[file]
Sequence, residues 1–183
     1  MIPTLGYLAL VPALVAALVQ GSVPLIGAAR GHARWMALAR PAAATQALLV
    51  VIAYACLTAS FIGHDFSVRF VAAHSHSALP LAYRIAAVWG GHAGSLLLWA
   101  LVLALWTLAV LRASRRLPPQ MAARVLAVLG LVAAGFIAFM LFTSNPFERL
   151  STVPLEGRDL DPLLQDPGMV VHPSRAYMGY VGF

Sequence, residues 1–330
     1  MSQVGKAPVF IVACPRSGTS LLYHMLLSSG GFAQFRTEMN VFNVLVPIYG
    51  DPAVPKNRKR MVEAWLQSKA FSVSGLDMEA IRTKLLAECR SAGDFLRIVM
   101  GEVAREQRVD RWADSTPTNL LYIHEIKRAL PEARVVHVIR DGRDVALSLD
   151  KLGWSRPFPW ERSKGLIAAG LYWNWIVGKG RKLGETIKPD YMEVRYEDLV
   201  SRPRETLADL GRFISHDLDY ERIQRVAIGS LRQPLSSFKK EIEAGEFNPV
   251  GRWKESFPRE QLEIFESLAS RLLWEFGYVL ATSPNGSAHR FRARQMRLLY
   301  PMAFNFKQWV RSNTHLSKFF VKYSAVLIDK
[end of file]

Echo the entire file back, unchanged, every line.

Sequence, residues 1–183
     1  MIPTLGYLAL VPALVAALVQ GSVPLIGAAR GHARWMALAR PAAATQALLV
    51  VIAYACLTAS FIGHDFSVRF VAAHSHSALP LAYRIAAVWG GHAGSLLLWA
   101  LVLALWTLAV LRASRRLPPQ MAARVLAVLG LVAAGFIAFM LFTSNPFERL
   151  STVPLEGRDL DPLLQDPGMV VHPSRAYMGY VGF

Sequence, residues 1–330
     1  MSQVGKAPVF IVACPRSGTS LLYHMLLSSG GFAQFRTEMN VFNVLVPIYG
    51  DPAVPKNRKR MVEAWLQSKA FSVSGLDMEA IRTKLLAECR SAGDFLRIVM
   101  GEVAREQRVD RWADSTPTNL LYIHEIKRAL PEARVVHVIR DGRDVALSLD
   151  KLGWSRPFPW ERSKGLIAAG LYWNWIVGKG RKLGETIKPD YMEVRYEDLV
   201  SRPRETLADL GRFISHDLDY ERIQRVAIGS LRQPLSSFKK EIEAGEFNPV
   251  GRWKESFPRE QLEIFESLAS RLLWEFGYVL ATSPNGSAHR FRARQMRLLY
   301  PMAFNFKQWV RSNTHLSKFF VKYSAVLIDK